Traditionally, human primary visual cortex (V1) has been thought to mature within the first few years of life, based on anatomical studies of synapse formation, and establishment of intracortical and intercortical connections. Human vision, however, develops well beyond the first few years. Previously, we found prolonged development of some GABAergic proteins in human V1 (Pinto et al., 2010). Yet as >80% of synapses in V1 are excitatory, it remains unanswered whether the majority of synapses regulating experience-dependent plasticity and receptive field properties develop late, like their inhibitory counterparts. To address this question, we used Western blotting of postmortem tissue from human V1 (12 female, 18 male) covering a range of ages. Then we quantified a set of postsynaptic glutamatergic proteins (PSD-95, GluA2, GluN1, GluN2A, GluN2B), calculated indices for functional pairs that are developmentally regulated (GluA2:GluN1; GluN2A:GluN2B), and determined interindividual variability. We found early loss of GluN1, prolonged development of PSD-95 and GluA2 into late childhood, protracted development of GluN2A until ∼40 years, and dramatic loss of GluN2A in aging. The GluA2:GluN1 index switched at ∼1 year, but the GluN2A:GluN2B index continued to shift until ∼40 year before changing back to GluN2B in aging. We also identified young childhood as a stage of heightened interindividual variability. The changes show that human V1 develops gradually through a series of five orchestrated stages, making it likely that V1 participates in visual development and plasticity across the lifespan.SIGNIFICANCE STATEMENT Anatomical structure of human V1 appears to mature early, but vision changes across the lifespan. This discrepancy has fostered two hypotheses: either other aspects of V1 continue changing, or later changes in visual perception depend on extrastriate areas. Previously, we showed that some GABAergic synaptic proteins change across the lifespan, but most synapses in V1 are excitatory leaving unanswered how they change. So we studied expression of glutamatergic proteins in human V1 to determine their development. Here we report prolonged maturation of glutamatergic proteins, with five stages that map onto life-long changes in human visual perception. Thus, the apparent discrepancy between development of structure and function may be explained by life-long synaptic changes in human V1.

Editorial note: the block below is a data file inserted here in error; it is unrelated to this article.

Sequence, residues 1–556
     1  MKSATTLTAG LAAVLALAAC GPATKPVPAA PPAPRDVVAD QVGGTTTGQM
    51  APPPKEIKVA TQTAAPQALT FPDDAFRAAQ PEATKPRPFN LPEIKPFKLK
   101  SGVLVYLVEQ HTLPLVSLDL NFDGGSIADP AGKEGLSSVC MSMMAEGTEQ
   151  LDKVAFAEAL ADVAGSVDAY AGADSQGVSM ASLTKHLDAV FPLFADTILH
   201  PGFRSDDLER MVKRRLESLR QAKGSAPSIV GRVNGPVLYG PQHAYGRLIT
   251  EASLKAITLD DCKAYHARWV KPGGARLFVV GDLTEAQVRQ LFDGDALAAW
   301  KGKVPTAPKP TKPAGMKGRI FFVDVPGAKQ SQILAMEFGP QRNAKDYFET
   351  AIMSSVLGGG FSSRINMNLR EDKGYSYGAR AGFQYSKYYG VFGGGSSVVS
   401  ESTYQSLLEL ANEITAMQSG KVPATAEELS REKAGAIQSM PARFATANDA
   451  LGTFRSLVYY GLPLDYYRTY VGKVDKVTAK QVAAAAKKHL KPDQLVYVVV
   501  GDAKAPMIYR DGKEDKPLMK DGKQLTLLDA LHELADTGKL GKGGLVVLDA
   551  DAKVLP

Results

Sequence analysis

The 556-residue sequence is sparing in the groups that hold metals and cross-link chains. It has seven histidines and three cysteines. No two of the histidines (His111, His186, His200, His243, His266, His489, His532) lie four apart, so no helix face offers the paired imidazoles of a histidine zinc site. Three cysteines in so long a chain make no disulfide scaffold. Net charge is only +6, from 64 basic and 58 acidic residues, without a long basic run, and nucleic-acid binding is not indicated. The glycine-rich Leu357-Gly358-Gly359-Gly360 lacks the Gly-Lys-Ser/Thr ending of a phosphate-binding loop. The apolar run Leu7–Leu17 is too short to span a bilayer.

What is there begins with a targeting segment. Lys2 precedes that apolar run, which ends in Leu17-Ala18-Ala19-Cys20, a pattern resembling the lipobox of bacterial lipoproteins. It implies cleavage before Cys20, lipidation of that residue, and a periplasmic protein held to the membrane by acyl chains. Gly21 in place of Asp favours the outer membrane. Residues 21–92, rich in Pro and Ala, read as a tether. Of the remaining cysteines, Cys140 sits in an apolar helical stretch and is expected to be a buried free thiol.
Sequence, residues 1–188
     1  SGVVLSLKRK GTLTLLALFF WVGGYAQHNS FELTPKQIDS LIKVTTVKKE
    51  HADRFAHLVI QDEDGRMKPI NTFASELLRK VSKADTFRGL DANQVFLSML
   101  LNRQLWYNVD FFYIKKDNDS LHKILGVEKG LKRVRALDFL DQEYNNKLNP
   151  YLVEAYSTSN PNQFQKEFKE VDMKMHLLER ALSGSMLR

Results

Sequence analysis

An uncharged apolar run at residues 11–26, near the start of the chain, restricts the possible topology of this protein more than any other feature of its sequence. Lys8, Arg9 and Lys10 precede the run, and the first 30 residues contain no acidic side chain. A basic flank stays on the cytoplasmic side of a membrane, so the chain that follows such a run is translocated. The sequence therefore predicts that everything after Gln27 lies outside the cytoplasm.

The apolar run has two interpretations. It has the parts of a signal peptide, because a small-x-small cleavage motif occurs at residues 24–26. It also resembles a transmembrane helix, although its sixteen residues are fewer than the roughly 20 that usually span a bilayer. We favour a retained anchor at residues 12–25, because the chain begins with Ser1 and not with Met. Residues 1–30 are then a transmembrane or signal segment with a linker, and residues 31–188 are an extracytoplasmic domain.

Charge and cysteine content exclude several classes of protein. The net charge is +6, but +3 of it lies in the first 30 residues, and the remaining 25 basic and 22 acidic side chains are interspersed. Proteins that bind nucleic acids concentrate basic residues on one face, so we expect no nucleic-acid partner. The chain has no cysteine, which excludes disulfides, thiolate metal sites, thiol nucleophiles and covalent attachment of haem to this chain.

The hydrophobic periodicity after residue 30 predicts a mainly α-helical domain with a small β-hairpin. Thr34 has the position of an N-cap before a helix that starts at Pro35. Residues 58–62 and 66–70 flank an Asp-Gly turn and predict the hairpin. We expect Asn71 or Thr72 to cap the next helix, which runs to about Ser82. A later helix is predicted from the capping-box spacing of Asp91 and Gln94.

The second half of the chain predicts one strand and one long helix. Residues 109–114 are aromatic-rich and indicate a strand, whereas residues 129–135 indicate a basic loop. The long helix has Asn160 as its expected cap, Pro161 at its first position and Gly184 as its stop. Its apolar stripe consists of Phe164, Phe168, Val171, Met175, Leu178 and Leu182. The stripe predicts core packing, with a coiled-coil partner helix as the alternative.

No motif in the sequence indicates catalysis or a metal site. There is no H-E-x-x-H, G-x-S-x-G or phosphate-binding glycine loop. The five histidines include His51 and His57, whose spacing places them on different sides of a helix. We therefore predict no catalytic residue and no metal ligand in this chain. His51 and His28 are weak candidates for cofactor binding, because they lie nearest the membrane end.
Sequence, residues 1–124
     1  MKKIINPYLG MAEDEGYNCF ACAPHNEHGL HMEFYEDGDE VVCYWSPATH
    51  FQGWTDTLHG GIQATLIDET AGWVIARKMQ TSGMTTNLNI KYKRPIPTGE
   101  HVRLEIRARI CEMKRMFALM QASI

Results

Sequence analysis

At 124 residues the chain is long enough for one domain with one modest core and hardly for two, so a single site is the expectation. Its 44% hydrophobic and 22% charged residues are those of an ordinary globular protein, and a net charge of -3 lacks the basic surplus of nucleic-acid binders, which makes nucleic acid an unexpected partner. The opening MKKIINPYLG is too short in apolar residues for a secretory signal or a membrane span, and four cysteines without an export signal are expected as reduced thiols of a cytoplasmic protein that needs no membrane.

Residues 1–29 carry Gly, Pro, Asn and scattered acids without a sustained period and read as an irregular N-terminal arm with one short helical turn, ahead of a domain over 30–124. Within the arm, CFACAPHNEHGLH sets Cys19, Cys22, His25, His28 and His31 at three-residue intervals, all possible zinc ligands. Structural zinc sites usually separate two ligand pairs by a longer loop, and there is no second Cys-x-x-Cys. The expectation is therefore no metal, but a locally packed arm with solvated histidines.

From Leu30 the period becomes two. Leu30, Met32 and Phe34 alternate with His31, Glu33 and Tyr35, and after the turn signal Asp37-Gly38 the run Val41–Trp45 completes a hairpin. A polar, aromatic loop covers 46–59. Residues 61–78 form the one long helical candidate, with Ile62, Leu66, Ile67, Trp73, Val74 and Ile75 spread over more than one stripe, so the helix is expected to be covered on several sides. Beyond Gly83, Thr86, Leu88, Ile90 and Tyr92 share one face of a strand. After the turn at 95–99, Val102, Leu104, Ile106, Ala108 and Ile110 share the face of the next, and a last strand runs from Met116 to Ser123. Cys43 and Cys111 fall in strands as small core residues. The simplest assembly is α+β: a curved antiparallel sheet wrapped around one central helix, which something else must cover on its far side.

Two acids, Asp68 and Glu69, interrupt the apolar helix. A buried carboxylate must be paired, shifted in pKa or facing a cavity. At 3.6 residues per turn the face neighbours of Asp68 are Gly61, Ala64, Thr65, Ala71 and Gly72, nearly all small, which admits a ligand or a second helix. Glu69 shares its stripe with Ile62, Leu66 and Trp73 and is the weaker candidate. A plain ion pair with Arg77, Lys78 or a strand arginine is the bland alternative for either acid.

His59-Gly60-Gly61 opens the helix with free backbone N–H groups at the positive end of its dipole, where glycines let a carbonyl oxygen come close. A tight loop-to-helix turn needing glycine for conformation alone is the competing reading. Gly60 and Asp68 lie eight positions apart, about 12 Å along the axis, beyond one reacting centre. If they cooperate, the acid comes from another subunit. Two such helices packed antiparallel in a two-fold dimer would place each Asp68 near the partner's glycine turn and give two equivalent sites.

Co-agonists differentially tune GluN2B-NMDA receptor trafficking at hippocampal synapses.

  • Ferreira JS
  • Elife
  • 2017 Jun 9

Literature context:


Abstract:

The subunit composition of synaptic NMDA receptors (NMDAR), such as the relative content of GluN2A- and GluN2B-containing receptors, greatly influences the glutamate synaptic transmission. Receptor co-agonists, glycine and D-serine, have intriguingly emerged as potential regulators of the receptor trafficking in addition to their requirement for its activation. Using a combination of single-molecule imaging, biochemistry and electrophysiology, we show that glycine and D-serine relative availability at rat hippocampal glutamatergic synapses regulate the trafficking and synaptic content of NMDAR subtypes. Acute manipulations of co-agonist levels, both ex vivo and in vitro, unveil that D-serine alter the membrane dynamics and content of GluN2B-NMDAR, but not GluN2A-NMDAR, at synapses through a process requiring PDZ binding scaffold partners. In addition, using FRET-based FLIM approach, we demonstrate that D-serine rapidly induces a conformational change of the GluN1 subunit intracellular C-terminus domain. Together our data fuels the view that the extracellular microenvironment regulates synaptic NMDAR signaling.

GARLH Family Proteins Stabilize GABAA Receptors at Synapses.

  • Yamasaki T
  • Neuron
  • 2017 Mar 8

Literature context:


Abstract:

Ionotropic neurotransmitter receptors mediate fast synaptic transmission by functioning as ligand-gated ion channels. Fast inhibitory transmission in the brain is mediated mostly by ionotropic GABAA receptors (GABAARs), but their essential components for synaptic localization remain unknown. Here, we identify putative auxiliary subunits of GABAARs, which we term GARLHs, consisting of LH4 and LH3 proteins. LH4 forms a stable tripartite complex with GABAARs and neuroligin-2 in the brain. Moreover, LH4 is required for the synaptic localization of GABAARs and inhibitory synaptic transmission in the hippocampus. Our findings propose GARLHs as the first identified auxiliary subunits for anion channels. These findings provide new insights into the regulation of inhibitory transmission and the molecular constituents of native anion channels in vivo.